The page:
Obviously, a huge disadvantage of online methods is the exclusion of those not online, often those already marginalised, such as older people or those on low incomes. We will carry out individual telephone interviews with people considered digitally excluded, to compare their responses to those who participated online.

We wanted to utilise existing expertise in online methods to recruit participants and facilitate the online groups, with our support. The Centre for Deliberative Research (CDR) has been appointed to collaborate with us to develop this emerging research method of using online discussion groups to understand social preferences.  

It seems increased online research is inevitable, more and more people have access to the internet and the pandemic has seriously restricted in-person field work. Careful planning and considering how to engage participants in online research tasks is needed more than ever.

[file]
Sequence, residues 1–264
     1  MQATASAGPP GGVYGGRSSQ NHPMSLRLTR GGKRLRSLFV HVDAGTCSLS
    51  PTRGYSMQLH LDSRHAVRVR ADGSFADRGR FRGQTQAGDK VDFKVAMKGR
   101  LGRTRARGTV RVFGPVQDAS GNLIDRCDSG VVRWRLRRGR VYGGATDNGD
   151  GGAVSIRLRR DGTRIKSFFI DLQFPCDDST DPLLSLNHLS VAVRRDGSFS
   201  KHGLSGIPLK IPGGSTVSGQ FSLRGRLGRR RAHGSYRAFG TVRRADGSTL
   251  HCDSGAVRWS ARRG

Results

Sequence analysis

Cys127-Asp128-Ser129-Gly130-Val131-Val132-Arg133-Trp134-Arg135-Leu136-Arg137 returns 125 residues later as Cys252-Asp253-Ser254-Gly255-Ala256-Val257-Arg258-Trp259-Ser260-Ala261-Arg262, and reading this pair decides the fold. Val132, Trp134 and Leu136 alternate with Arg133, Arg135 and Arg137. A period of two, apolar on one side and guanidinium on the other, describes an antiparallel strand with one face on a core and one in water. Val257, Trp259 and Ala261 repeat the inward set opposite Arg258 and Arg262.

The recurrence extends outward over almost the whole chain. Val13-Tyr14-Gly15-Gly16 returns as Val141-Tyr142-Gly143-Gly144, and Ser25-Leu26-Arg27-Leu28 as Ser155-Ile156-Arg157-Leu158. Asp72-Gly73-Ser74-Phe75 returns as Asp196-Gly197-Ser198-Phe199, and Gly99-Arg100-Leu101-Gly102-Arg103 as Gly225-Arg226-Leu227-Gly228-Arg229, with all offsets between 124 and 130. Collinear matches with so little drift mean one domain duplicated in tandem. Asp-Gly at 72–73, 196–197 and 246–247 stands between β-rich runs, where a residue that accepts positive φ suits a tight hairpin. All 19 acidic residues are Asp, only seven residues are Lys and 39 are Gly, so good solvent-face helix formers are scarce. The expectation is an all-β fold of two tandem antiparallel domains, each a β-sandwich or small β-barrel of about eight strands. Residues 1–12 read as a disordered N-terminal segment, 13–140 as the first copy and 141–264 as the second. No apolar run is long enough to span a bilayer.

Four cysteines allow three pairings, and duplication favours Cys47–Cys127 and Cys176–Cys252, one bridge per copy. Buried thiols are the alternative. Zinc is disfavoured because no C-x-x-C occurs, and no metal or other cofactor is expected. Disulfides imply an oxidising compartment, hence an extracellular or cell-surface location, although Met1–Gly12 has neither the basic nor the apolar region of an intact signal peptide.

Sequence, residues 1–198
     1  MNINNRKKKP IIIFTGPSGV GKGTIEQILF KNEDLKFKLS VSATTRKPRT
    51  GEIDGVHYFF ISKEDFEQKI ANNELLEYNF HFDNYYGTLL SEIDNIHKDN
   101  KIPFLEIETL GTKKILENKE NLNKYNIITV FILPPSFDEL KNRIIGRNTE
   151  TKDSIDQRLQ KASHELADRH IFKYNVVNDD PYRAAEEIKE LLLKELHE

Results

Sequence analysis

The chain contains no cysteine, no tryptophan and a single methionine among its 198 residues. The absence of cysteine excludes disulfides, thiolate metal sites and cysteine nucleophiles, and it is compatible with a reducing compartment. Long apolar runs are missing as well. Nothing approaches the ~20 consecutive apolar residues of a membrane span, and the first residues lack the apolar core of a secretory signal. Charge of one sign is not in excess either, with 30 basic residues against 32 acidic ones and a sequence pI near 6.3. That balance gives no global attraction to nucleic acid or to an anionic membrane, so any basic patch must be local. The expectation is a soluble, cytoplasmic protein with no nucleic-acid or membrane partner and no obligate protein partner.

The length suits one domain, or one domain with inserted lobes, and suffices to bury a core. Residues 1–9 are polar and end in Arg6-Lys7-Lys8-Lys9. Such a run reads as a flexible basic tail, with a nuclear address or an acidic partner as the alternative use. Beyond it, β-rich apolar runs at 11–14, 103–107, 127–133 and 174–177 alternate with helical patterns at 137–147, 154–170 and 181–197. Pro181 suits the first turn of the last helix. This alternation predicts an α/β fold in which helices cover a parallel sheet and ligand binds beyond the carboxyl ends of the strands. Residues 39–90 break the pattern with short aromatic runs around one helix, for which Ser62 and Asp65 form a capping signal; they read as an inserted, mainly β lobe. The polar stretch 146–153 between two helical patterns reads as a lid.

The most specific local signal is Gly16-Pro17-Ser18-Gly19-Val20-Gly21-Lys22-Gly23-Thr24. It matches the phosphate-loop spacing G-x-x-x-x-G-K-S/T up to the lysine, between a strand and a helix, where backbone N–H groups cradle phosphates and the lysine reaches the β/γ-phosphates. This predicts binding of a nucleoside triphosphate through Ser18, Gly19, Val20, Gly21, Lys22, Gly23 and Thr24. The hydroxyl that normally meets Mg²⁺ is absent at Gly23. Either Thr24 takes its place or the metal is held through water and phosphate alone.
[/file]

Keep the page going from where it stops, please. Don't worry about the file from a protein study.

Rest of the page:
The views and opinions expressed in this blog are those of the author/authors.


Further reading on online discussion groups:


  • Daniels, N., Gillen, P., Casson, K., & Wilson, I. (2019). STEER: Factors to Consider When Designing Online Focus Groups Using Audiovisual Technology in Health Research. International Journal of Qualitative Methods18
  • Woodyatt CR, Finneran CA, Stephenson R. In-Person Versus Online Focus Group Discussions: A Comparative Analysis of Data Quality. Qualitative Health Research. 2016;26(6):741-749. doi:10.1177/1049732316631510


  • SIPHER-7 [PDF] A seven -indicator outcome measure to capture wellbeing for economic evaluational. Tsuchiya, A. and Wu, G. (C.) (2021) (doi: 10.36399/gla.pubs.310977). (Enlighten ID 310977)


First published: 22 October 2021